Johnson wins at Martinsville, takes points lead
Jimmie Johnson dominated, as expected, at Martinsville Speedway, and Brad Keselowski didn't flinch.
This championship duel might go down to the wire after all.
Johnson, a five-time series champion, raced to his seventh career victory on NASCAR's trickiest oval Sunday, and the triumph helped him erase a seven-point deficit and supplant Keselowski as the points leader with three events remaining.
Even so, Johnson knows the title chase is far from over, that there's plenty of racing yet to do.
''I'm ecstatic about the win today and ecstatic about the points lead, but this is no cake-walk,'' Johnson said after the 59th victory of his career and fourth this season. ''These guys are bringing their best each and every week. ... The next two races will tell the tale. Anything can happen. We could both wad it up next week and Clint Bowyer is your champion.''
Johnson moved two points ahead of Keselowski, who finished sixth for his highest career showing at the track, and came away knowing that he'd more than held his ground on a track where he's still learning and Johnson is as good as anyone.
''He's our competition and we've got to beat him,'' Keselowski said. ''We know that, but at some point you've got to do your own thing and just rely on what gets you to where you're at, and what's got us to where we're at is just solid finishes when we don't have a shot to win the race. And we didn't have a shot to win today and we got a solid finish, so I feel confident about that.''
The series next moves to Texas and Phoenix before finishing up at Homestead-Miami.
''I know this championship's going to come down to Homestead,'' Keselowski said. ''You've just got to be in position to where you've got a shot at it and we're doing the things it's going to take.''
Both drivers needed only to look at Denny Hamlin's day to be reminded that things can go south fast. Hamlin seemed poised to get in the thick of it, and then had an electrical problem that sent him to a 33rd place finish and out of contention.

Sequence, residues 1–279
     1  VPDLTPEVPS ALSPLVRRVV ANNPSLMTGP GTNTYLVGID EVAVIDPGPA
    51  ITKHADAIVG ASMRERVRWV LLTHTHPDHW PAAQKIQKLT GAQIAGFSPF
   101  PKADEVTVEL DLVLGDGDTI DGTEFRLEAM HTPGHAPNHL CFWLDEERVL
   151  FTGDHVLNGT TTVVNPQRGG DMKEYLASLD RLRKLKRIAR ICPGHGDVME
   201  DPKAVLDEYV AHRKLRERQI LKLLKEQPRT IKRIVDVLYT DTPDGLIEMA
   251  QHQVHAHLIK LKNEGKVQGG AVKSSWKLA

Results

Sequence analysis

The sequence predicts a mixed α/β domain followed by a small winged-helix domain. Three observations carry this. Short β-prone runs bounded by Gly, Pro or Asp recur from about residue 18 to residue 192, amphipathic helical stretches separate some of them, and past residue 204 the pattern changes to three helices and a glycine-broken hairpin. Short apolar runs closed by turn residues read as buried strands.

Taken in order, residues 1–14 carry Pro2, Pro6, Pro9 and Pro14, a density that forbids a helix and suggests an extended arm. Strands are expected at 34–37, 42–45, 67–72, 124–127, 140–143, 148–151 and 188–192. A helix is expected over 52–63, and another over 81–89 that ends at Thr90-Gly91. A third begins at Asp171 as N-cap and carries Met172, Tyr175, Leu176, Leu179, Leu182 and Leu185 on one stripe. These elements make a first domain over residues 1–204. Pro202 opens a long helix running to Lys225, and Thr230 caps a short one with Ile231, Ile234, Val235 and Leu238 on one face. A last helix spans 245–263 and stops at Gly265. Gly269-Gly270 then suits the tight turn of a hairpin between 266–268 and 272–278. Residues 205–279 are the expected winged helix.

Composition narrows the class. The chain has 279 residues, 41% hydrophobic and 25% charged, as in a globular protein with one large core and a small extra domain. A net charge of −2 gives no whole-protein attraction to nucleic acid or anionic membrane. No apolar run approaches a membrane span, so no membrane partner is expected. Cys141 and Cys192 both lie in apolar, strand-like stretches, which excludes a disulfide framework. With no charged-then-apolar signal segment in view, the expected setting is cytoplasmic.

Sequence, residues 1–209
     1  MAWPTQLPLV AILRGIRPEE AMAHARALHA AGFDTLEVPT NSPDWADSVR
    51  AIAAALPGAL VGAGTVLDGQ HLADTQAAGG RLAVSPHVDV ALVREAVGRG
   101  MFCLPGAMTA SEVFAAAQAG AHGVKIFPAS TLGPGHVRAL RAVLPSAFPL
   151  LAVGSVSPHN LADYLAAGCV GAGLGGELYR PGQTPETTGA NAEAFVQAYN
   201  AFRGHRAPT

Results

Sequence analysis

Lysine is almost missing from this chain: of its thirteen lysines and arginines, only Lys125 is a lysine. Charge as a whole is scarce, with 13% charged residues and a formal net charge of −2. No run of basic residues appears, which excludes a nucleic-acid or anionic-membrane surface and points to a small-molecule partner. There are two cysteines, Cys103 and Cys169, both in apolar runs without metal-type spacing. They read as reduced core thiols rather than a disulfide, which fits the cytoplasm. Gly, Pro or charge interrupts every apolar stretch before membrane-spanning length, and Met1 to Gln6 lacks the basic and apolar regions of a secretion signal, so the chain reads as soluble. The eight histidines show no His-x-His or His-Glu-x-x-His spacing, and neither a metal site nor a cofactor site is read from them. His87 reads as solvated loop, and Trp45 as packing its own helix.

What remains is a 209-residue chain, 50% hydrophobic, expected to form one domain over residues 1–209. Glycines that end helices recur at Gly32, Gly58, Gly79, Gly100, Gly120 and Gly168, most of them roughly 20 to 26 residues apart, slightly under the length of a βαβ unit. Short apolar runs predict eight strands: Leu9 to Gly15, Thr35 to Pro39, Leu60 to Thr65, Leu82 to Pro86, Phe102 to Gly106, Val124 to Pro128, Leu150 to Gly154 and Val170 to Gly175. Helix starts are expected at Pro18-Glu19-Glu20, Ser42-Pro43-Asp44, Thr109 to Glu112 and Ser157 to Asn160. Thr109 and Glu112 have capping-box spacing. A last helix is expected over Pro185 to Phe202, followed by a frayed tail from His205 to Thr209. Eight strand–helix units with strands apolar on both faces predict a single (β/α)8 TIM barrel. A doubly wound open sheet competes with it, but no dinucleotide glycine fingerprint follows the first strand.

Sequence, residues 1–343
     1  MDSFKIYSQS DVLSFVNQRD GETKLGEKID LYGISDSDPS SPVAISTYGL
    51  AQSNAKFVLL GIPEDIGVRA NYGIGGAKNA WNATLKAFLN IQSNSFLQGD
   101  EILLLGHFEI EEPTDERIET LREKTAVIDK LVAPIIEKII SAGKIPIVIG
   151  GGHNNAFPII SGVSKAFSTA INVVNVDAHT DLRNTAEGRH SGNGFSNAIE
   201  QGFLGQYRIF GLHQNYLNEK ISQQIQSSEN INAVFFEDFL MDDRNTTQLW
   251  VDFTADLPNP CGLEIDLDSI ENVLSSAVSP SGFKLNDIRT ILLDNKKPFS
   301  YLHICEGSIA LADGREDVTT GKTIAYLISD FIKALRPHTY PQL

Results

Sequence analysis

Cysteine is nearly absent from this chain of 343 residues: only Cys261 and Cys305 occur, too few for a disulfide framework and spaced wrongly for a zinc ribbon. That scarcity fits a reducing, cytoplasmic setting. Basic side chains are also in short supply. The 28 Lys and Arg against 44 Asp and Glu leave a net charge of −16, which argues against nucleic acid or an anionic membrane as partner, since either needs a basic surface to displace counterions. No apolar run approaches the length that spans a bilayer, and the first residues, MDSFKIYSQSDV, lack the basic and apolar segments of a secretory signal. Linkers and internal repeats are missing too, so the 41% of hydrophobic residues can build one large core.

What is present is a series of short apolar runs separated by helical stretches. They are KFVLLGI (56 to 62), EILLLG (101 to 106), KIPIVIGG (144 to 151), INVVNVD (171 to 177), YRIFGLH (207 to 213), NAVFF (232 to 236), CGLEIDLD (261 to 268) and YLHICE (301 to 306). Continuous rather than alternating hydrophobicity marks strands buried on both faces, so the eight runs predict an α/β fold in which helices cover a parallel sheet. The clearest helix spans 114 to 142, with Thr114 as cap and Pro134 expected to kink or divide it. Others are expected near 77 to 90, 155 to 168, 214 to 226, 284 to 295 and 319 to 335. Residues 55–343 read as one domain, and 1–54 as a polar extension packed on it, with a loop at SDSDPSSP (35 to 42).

''When these things happen, you've just got to suck it up and move on,'' Hamlin said. ''There's nothing I can do about it. One of these days it's going to be our time. It's just not right now.''
Keselowski's day was nowhere near as adventurous as Hamlin's, but effective all the same.
He started 32nd, methodically worked his way forward, and was never really a factor until he took a late gamble to grab the lead - and a crucial bonus point. He was leading the race briefly when a caution flag flew and he and Dale Earnhardt Jr. opted to stay out, then watched with surprise as the other 16 lead-lap cars all headed to pit road for fresh tires.
''It's at the end of the race and half the field had just pitted 20 or 30 laps ago,'' Keselowski said. ''If I was running 15th, I would have stayed out. I would have put `em in my shoes and said, `By golly, I would have stayed out.' None of those guys did and I don't know why. Well Dale (Earnhardt) Jr. did. He had some sense. It just wasn't meant to be.''
When the race went back to green with 19 laps to go, Keselowski was a sitting duck whose best bet was to hang on for as long as he could and then avoid any Martinsville mayhem that cropped up in a furious dash to the finish.
Johnson, who led eight times for 193 laps, passed him on lap 487 on his way to making the race a bonus points bonanza. He got one for leading a lap, one for leading the most laps and three for the victory, wiping out a seven-point deficit.
Kyle Busch was second, followed by Kasey Kahne, Aric Almirola, Bowyer, Keselowski, Jeff Gordon and Brian Vickers.
On the final restart, Busch said he was trying to avoid spinning Johnson heading into turn one, but nudged him. Johnson slowed, and Busch too, and ''when I went back to the gas, I spun my tires and got loose, and he squirted away from me.''
Bowyer also had a great car, leading 154 laps, and Gordon led 92.
Until the problems arose, Hamlin had put on a clinic about how to pass cars on the 0.526-mile oval.
After his first pit stop, Hamlin was penalized for entering pit road too fast, a penalty that moved him to the back of the lead lap, which was 31st. Immediately, he started quickly working his way forward.
After 200 laps, he was contending and actually left pit road with the lead, but again, he was penalized for speeding entering pit road, again dropping him to the back of the lead lap, this time 28th.
He again worked his way into the top five until his problems dropped him 34 laps behind.
Hamlin dropped 49 points off the pace. Bowyer is third, 26 back, and Kahne is 29 back.